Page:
Validation of a care and comfort hypertonicity questionnaire

Robin Nemer McCoy, Peter A. Blasco, Barry S. Russman, Jean P. O'Malley

Research output: Contribution to journalArticlepeer-review

33 Scopus citations


The lack of evidence regarding functional and quality of life benefits resulting from tone reduction with intrathecal baclofen (ITB) infusion treatment relates to the lack of validated and responsive measures. We integrated our scale/questionnaire, developed from chart review, with the non-validated Caregiver Questionnaire (CQ) to yield a final document, the Care and Comfort Hypertonicity Questionnaire (CCHQ). Convergent validity was achieved by administering the CCHQ to 47 patients with spastic/dystonic cerebral palsy (CP) who were being evaluated for tone management. The population studied included 18 females and 29 males (mean age 10y [SD 4y 10mo]; range 3y 1mo - 21y 1mo). Twenty-five patients were subsequently referred for botulinum toxin (BTX-A) injections (mean Gross Motor Function Classification System [GMFCS] 3.2); 11 patients were referred for ITB (mean GMFCS 4.4); four were referred for orthopedic surgery (mean GMFCS 3.3); 3 were referred for selective dorsal rhizotomy (mean GMFCS 2.7); one was recommended for oral baclofen (GMFCS 5); and three were recommended for no treatment (mean GMFCS 3.7). Blinded to the score, those with the highest scores (severe hypertonicity) were recommended for ITB; those with the lowest scores were recommended for BTX-A injections. Responsiveness of the CCHQ was established by administering the questionnaire to patients who already had an implanted ITB pump. The children with the largest dose increase demonstrated a statistically significant improvement in the CCHQ score. This scale can be used to document the efficacy of treating severe hypertonicity both in clinical and research protocols.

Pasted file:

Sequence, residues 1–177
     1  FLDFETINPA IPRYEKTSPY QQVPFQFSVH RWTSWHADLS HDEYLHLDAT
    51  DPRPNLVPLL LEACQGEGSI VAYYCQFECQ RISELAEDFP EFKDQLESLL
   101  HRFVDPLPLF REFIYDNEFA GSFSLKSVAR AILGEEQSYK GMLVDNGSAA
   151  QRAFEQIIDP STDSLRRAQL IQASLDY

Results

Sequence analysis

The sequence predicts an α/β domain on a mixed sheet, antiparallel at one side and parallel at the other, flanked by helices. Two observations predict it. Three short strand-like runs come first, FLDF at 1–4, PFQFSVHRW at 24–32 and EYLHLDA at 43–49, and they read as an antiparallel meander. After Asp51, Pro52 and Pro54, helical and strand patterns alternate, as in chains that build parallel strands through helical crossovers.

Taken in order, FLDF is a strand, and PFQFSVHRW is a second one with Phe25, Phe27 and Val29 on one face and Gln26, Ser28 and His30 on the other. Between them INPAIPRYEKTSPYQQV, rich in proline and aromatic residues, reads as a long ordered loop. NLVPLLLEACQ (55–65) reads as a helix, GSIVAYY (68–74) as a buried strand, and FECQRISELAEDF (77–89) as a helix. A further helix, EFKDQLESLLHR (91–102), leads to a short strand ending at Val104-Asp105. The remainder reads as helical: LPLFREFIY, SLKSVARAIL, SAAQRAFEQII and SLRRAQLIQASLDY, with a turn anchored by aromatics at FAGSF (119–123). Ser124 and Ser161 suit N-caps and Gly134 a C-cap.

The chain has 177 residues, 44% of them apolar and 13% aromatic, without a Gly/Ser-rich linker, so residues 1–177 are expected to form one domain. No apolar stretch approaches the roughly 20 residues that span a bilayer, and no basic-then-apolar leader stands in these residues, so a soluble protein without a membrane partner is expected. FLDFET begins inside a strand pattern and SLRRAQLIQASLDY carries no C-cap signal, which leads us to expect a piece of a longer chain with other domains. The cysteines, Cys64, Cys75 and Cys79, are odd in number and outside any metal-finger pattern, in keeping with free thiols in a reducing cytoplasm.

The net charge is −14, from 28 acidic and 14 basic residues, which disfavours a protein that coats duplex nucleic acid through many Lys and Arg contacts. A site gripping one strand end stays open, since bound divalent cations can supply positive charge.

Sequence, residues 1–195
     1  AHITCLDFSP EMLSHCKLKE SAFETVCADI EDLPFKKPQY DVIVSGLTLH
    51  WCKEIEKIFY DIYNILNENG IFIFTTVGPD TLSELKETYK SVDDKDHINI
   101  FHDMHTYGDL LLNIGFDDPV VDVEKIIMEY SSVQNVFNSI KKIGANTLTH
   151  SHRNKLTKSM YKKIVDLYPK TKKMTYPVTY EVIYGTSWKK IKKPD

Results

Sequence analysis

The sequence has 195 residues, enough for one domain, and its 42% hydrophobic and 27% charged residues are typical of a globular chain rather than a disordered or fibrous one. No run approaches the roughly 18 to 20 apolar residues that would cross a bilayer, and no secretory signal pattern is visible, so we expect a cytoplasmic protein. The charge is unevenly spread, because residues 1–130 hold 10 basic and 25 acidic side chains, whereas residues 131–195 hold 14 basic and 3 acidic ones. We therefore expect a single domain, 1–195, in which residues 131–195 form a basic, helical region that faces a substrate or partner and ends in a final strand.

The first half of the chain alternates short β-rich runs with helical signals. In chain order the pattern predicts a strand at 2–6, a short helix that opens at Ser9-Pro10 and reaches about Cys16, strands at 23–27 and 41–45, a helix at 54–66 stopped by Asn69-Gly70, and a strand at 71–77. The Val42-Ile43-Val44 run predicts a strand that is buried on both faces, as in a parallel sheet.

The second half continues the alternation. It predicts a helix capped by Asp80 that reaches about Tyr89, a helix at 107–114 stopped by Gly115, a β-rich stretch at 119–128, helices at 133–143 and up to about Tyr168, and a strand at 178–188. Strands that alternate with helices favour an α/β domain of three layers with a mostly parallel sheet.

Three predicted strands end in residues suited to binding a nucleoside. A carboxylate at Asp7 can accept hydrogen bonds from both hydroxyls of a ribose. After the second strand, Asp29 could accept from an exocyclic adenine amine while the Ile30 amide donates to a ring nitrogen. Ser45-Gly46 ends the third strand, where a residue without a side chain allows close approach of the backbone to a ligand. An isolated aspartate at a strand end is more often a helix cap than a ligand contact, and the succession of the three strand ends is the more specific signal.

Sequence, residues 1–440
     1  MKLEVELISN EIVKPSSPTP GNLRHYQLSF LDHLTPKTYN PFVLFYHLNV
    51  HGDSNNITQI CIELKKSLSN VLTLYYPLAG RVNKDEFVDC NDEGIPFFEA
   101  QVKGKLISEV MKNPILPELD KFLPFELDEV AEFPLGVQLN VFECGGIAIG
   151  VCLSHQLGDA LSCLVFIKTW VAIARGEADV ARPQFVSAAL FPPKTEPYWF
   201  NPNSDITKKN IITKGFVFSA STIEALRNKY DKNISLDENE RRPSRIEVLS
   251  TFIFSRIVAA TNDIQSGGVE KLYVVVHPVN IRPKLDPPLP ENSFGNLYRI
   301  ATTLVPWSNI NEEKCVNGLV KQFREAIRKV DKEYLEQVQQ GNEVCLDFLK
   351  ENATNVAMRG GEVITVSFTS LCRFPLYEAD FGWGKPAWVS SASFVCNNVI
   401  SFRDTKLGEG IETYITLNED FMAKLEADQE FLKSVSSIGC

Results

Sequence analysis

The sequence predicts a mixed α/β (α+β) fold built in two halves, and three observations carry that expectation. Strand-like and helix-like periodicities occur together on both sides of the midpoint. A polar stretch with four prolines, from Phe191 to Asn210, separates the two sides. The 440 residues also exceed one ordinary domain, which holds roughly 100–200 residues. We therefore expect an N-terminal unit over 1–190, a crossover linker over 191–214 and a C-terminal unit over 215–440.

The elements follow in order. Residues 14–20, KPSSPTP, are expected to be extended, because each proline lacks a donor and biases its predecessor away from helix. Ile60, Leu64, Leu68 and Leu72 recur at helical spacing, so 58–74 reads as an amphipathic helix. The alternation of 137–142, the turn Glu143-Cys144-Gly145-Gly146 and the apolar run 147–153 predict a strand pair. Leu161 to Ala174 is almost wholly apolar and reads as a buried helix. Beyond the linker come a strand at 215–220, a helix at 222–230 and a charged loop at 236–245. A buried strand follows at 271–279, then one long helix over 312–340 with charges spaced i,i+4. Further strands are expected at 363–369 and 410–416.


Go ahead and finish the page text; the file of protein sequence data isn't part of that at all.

Original languageEnglish (US)
Pages (from-to)181-187
Number of pages7
JournalDevelopmental Medicine and Child Neurology
Issue number3
StatePublished - Mar 2006
Externally publishedYes

ASJC Scopus subject areas

  • Pediatrics, Perinatology, and Child Health
  • Developmental Neuroscience
  • Clinical Neurology


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